My compost corner on the backporch, next to where I dry my laundry. No one ever complains the the clothing smells like compost!

My compost corner on the backporch, next to where I dry my laundry.

One of the fundamental habits of Suburban Homesteading is cooking up your own compost. This sustainable practice allows you to take your scraps and turn them into excellent fertilizer for your garden. Notice, though, that I call composting a habit and not a skill. Nature composts things all on her own, folks, so you really don’t need any skill to make your own grade-A compost. You do need to develop a few new habits, though, and maybe get a little dirty.

Composting in a Suburban environment has a few unique challenges. First, there’s rarely an unseen, unused corner of the yard to devote to composting, so the appearance of the compost is of concern. Second, since we tend to live close together, then smell of the compost can become an issue. And lastly, depending on your surroundings, attracting pests is a valid concern.

When I first decided to compost, I decided that I wanted a composting container that would help control odor and repel rats. There’s a lot of good composters available, but I choose the Spinning Composter. This model is compact, made from recycled materials, and relatively attractive (or at least inconspicuous compared to some of the other models I looked at). I now have two of them sitting on the back porch right outside the kitchen door, where it’s easy for lazy me to remember to put my scraps. I also have a small ceramic crock on the kitchen counter than holds a few days worth of scraps, and this helps me to save the scraps for compost rather than just stuff them down the garbage disposal, even when I’m feeling extra specially lazy.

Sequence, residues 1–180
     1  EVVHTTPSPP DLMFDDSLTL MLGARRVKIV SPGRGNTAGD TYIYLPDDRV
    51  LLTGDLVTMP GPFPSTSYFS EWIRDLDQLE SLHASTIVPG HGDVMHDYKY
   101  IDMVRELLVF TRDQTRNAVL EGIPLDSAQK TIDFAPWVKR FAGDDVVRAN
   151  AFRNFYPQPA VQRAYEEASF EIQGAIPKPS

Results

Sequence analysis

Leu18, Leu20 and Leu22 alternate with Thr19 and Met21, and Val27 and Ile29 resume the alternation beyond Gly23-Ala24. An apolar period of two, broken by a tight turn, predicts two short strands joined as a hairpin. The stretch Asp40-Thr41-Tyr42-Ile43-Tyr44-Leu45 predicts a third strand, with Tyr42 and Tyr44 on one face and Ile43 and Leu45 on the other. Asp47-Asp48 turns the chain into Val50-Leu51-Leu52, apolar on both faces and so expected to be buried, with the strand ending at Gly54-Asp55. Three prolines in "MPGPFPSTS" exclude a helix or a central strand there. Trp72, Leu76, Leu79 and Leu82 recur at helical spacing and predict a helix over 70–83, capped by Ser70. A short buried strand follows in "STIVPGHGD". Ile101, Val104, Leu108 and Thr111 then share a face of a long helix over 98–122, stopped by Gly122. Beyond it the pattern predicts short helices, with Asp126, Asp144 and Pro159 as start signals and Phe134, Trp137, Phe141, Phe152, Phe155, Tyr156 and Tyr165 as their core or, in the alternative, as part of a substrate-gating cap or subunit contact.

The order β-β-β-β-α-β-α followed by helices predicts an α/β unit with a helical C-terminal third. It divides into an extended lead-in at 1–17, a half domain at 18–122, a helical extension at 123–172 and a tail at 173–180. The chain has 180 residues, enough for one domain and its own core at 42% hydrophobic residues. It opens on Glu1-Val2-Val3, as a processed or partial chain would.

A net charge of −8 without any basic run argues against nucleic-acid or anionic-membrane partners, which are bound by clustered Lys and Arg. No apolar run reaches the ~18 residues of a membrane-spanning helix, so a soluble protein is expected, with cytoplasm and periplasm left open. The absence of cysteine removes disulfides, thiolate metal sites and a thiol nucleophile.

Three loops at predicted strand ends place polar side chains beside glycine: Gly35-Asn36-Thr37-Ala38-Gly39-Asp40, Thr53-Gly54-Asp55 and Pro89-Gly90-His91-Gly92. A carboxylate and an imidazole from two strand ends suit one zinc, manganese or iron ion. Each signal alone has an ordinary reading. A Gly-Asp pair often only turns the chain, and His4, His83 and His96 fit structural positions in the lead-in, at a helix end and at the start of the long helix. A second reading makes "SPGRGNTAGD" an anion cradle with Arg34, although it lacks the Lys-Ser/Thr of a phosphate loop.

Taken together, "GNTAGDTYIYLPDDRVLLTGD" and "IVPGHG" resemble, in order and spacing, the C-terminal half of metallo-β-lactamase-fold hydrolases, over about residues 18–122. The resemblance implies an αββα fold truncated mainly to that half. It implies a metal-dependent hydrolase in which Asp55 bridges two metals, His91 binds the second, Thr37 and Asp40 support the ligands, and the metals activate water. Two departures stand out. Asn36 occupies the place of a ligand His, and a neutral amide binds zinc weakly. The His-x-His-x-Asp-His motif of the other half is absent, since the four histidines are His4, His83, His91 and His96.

While I find that it takes considerably more than 30 days to cook up a good batch of compost, this may be due to my laziness because I don’t tumble the stuff daily as I should. That said, I have never been bothered by odors, and the rats have shown no interest in my lovely little porch composters. My approach also takes minimal effort, which makes me happy. The only easier way I’ve made compost was to collect autumn leaves in some big garbage bins and leave them behind the shed for two years. The compost this makes is gorgeous, but it takes a little too long to cook.

Here’s the rules I use when choosing what to put in the compost:

  • IN: veggies and fruit (raw or cooked), tea bags, coffee grounds, dryer lint, brown paper bags torn into bits, egg shells, leaves, weeds without seeds, compostable packaging, and a little bit of garden soil (to inoculate the compost with good bacteria)
  • DO NOT USE: animal products (except egg shells), oils, fried foods, anything in the cabbage family, pet poop, woody branches (these take to long to break down), vacuum dust (this is at Hubby’s request, because he is allergic to the pet hair, otherwise it would go in), weeds with seeds.
  • Optional add ins: Worms found on rainy days, shredded newspaper, paper towels, paper coffee filters, paper napkins.

Now, this is hardly a comprehensive review of composting techniques, just an insight into my lazy method, which can be summed up as: remember to put things in the bin then let Nature do the hard work. If you want to learn a bit more and discover much more complicated techniques, I recommend these resources:

  • HowToCompost.org offers comprehensive advice for composting regardless to readers of all experience levels.
  • The US EPA guide to composting.
  • Composting for Kids has a slide show on the basics of composting for children. My own kids LOVE to relocate found worms to the composters-I think they see them as some sort of working pet, though I have to confess, I’m not entirely sure the worms survive being tumbled for very long.
  • Compost Bins is a good source of many types of composters, and they also sell rain barrels. I think I’ll have to invest in a few of those when I return from vacation.
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